Hepatitis C Virus (HCV) RNA screening and sequencing using dry plasma spots

Background: HCV RNA screening of large sample repositories provides data on HCV epidemic patterns that may help guide control policies. In resource-limited settings, shipment of frozen samples to molecular laboratory facilities and testing of individual samples may be prohibitively expensive. Objective: Our aim was to detect and sequence HCV RNA in a large HIV-positive cohort from Kumasi, Ghana, using pooled and individual dried plasma spots (DPS) produced from samples stored at −80 °C. Study design: In the validation phase, replicate DPS were prepared with six dilutions (500–10,000 IU/ml) of the 4th International Standard for HCV and tested in three independent experiments. In the testing phase, DPS prepared with plasma samples from 875 HIV-positive subjects were pooled for screening, followed by testing of individual DPS of positive pools. Input from individual DPS was two 6 mm punches; pools comprised two punches from each of five DPS. Genotypes were determined by Sanger sequencing of HCV core and NS5B. Results: With the dilution series, sensitivity of HCV RNA detection was ≥2500 IU/ml. Replicate DPS gave intraassay and inter-assay coefficients of variation ≤1.4%. With the stored samples, HCV RNA was detected in 5/175 DPS pools and in one DPS from each positive pool, yielding a HCV RNA prevalence of 5/875 (0.57%; 95% confidence interval 0.07-1.07%). The five samples were sequenced as HCV genotypes 2l and 2r. Discussion: DPS allowed reproducible HCV RNA detection, and pooling effectively contained the cost and labour of screening a previously untested, low-prevalence cohort. DPS were also suitable for HCV sequencing.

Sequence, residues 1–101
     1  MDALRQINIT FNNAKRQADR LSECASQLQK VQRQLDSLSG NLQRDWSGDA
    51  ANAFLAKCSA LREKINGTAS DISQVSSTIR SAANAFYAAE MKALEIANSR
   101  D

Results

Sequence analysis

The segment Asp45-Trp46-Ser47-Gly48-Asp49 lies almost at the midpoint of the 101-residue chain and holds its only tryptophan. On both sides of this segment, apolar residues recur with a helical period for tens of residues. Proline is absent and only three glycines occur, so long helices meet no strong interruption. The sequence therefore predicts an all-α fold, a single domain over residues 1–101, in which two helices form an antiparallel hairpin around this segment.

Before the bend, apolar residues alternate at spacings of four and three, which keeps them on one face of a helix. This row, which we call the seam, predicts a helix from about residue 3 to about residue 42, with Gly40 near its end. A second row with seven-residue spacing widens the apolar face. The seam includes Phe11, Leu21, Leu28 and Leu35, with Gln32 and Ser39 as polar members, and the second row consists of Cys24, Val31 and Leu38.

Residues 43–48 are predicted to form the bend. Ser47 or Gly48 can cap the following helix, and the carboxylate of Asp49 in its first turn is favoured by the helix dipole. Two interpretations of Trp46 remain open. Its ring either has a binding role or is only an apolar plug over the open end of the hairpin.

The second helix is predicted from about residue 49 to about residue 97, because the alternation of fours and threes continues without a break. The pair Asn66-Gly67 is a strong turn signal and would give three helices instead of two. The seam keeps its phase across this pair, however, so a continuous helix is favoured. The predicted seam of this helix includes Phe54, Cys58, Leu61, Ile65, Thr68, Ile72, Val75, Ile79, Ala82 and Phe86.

An article published by Elsevier B.V.
HCV RNA, Sequencing, Dried plasma spots, Sub-Saharan Africa, Epidemiology
Elsevier B.V. 97 (2017) 18–21 19